In reply to this post by Kevin Dhingra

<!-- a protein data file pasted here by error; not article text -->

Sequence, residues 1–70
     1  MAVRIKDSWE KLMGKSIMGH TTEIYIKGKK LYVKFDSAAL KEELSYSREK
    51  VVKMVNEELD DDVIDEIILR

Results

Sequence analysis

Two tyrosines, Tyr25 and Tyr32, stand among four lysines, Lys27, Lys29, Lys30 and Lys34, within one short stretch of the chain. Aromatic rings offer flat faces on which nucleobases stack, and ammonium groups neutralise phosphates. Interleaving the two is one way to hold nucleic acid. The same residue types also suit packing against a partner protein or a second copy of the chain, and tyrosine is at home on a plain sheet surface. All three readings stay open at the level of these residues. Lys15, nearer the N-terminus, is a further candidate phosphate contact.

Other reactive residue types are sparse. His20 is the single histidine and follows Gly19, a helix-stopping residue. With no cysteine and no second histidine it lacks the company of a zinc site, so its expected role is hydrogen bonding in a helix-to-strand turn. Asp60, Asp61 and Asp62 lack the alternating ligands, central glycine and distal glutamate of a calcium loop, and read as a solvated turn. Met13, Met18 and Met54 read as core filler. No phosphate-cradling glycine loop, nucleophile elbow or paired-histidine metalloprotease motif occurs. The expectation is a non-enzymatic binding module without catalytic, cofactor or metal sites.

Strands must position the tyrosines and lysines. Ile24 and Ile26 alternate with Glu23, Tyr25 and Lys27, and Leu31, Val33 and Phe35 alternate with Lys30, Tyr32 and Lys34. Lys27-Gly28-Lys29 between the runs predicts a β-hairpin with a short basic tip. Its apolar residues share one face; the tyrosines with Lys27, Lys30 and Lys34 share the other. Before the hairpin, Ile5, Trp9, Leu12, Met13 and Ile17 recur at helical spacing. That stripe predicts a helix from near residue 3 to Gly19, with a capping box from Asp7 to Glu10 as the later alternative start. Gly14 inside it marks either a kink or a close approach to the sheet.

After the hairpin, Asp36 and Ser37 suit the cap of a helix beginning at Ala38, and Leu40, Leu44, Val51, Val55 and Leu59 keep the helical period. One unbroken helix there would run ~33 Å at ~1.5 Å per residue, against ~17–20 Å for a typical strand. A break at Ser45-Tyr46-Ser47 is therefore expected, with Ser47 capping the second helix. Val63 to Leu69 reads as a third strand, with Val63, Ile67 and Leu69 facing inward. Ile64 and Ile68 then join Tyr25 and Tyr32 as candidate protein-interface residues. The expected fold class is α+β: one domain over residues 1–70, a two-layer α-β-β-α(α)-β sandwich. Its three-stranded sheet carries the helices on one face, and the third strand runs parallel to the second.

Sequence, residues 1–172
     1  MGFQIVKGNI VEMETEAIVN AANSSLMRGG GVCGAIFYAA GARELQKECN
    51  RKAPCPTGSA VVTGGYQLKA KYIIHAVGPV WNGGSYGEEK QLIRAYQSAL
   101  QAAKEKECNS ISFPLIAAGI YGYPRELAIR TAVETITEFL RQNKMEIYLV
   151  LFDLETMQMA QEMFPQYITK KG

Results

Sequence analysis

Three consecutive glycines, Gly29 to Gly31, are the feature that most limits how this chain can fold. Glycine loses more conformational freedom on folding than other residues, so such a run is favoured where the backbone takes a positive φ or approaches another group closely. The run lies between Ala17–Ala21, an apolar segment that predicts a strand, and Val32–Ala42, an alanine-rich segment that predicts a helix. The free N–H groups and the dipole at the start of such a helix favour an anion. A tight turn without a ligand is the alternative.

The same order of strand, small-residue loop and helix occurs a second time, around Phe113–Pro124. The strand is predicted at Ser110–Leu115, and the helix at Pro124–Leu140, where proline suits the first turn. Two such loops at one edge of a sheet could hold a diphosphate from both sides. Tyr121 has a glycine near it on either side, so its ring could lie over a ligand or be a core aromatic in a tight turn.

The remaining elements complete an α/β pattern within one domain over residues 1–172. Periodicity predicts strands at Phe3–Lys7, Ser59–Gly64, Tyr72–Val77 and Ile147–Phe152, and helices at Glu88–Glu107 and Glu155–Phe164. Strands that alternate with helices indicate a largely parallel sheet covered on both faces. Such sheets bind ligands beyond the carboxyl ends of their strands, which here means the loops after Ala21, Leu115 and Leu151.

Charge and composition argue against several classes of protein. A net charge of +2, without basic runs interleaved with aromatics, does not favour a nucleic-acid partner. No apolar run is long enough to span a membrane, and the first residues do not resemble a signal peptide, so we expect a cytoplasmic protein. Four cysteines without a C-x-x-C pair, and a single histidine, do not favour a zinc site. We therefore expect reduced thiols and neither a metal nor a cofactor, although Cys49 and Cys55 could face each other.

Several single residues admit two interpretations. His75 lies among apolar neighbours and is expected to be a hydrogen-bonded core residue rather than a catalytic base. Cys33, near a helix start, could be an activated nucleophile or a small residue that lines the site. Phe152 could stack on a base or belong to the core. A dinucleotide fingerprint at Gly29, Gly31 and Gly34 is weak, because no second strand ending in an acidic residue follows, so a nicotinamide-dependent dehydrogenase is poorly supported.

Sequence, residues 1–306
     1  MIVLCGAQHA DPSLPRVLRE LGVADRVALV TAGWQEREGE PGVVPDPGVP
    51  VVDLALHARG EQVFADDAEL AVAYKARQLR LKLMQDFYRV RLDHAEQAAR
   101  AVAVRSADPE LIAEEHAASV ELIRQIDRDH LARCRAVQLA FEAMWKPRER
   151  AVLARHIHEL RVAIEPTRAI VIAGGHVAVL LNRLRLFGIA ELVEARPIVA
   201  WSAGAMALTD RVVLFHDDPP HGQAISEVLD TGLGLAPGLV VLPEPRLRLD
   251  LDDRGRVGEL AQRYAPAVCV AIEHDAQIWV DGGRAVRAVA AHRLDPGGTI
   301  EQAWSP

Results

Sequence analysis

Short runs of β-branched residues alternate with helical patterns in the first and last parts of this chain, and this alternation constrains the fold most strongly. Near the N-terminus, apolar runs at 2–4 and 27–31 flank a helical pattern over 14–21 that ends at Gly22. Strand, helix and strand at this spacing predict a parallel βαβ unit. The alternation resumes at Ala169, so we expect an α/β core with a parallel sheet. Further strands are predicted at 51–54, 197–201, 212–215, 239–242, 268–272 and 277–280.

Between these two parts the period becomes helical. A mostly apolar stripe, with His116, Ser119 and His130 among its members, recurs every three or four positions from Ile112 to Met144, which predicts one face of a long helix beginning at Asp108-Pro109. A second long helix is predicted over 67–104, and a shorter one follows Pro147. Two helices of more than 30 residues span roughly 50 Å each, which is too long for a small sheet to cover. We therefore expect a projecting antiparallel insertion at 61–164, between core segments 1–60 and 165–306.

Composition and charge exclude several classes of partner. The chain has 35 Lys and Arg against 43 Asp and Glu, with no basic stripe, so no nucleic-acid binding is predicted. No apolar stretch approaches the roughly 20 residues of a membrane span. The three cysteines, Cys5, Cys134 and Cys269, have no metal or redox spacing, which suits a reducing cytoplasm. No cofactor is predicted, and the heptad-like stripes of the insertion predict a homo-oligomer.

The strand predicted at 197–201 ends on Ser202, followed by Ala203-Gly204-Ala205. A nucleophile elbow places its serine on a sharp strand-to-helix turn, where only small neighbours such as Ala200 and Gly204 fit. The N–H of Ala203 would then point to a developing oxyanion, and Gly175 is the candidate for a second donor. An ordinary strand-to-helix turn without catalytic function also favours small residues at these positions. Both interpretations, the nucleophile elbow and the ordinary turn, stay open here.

The process you describe is pretty standard for an investment-committee